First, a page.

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What Is a VPN & What Use Is It?

by Dave Elliott

What Is a VPN & What Use Is It?

You may have heard the term “VPN” kicked around online, but not really had any idea what it is or what it’s for. Hopefully, this article will help demystify that a little for you, and decide if it’s something worth your time and/or money to set up.

What Is a VPN and what does it do?

Simply, it is a “Virtual Private Network”, hence the name VPN. Its primary purpose is to help protect you online by creating an “encrypted tunnel” for your internet traffic, keeping your online activity private, and away from the prying eyes of hackers, and any other internet Ne’er-do-wells who might want to snoop into your digital life.

However, it does also have a secondary feature, which is that most VPNs allow you to set your online location as somewhere different to your physical location. So, say you’re from the UK on holiday abroad, but want to be able to access a website, such as the BBC iPlayer, which is region-locked to UK-only, setting your VPN to the UK should allow you access.

What about accessing streaming sites from a country outside of the UK?

We are an entertainment news website, so I’m sure the question which has crossed your mind is whether you could use a VPN to access streaming services from other countries. The answer is yes… sort of…

As you are probably aware, many global streaming services have different content in different countries. If you’ve ever been on holiday abroad and booted up Netflix, you’ll probably have noticed the list of shows are somewhat different to the list you get in the UK. So yes, you technically could use a VPN to switch your location to the USA, and have access to the US catalogue. Whilst this is not illegal, we do need to point out, as with most streaming services, this is against Netflix’s terms of service, and if they realise you are doing it, they are well within their rights to cancel your account. So be warned, you try it at your own peril!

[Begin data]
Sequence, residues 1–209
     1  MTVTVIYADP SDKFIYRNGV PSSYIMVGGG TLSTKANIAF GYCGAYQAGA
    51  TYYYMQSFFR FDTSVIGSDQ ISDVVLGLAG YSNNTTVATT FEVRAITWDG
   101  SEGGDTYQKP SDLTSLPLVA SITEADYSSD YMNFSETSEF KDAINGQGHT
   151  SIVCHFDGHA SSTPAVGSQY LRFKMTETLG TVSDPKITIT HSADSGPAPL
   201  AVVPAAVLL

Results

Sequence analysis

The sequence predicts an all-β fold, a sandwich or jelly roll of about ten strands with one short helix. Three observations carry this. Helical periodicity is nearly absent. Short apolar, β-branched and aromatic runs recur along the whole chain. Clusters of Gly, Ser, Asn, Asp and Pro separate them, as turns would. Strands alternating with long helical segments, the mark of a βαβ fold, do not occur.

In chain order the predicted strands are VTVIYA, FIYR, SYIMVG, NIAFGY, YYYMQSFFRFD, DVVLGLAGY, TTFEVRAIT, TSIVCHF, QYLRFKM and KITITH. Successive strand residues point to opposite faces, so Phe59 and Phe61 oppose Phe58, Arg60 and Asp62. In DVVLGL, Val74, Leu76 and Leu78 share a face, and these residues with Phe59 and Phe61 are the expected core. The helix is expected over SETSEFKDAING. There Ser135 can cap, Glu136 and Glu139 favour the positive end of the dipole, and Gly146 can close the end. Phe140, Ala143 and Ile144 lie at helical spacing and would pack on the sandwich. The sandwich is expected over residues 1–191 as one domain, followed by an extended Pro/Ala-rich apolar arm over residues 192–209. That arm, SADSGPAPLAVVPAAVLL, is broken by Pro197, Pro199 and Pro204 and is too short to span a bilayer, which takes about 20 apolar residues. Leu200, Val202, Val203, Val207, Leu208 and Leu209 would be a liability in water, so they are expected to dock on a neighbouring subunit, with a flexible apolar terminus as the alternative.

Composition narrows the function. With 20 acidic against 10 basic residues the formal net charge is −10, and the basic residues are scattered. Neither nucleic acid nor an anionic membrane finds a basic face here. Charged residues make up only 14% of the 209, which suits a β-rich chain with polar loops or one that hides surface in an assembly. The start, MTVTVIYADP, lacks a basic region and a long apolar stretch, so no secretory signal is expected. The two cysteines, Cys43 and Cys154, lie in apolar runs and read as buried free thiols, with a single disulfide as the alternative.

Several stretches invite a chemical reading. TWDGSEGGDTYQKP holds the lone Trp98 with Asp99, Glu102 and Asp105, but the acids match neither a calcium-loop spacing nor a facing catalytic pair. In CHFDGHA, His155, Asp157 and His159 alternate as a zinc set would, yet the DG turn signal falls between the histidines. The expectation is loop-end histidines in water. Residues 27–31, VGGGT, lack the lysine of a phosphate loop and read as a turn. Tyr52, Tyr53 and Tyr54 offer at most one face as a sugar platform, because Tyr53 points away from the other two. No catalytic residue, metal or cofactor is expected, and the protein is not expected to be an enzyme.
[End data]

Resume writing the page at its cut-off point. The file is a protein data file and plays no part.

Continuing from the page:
An additional problem can be that many streaming services that don’t operate in the UK, such as Hulu or HBO Max, require you to sign up for an account, which usually requires a US address and/or credit card. Whilst there are ways around that (which I’m not going to get into here), again, it is likely to be against the streaming service’s terms of services, and might see your account cancelled.

Which VPN should you use?

There are literally hundreds of options for VPNs out there. Sites like PrivacySharks do a pretty good job of listing and rating which VPN might be right for you. Some are much cheaper than others but have fewer features. Some are all-singing, all-dancing, feature-filled extravaganzas, but cost a lot more.

I personally use ExpressVPN which gives a really good mix of reliability, features, and price, for what I need, but there are many other options out there. The cost for a VPN can start from a few pounds a month, going up depending on what features you require, and the flexibility of the service.

Some VPNs are easier to set up than others. Some offer mobile apps, so you can use them on your computer and your phone. Some even allow you to install them onto your router. A number of VPNs offer free trials, so it might be worth giving one a go, and see which one works best for you.

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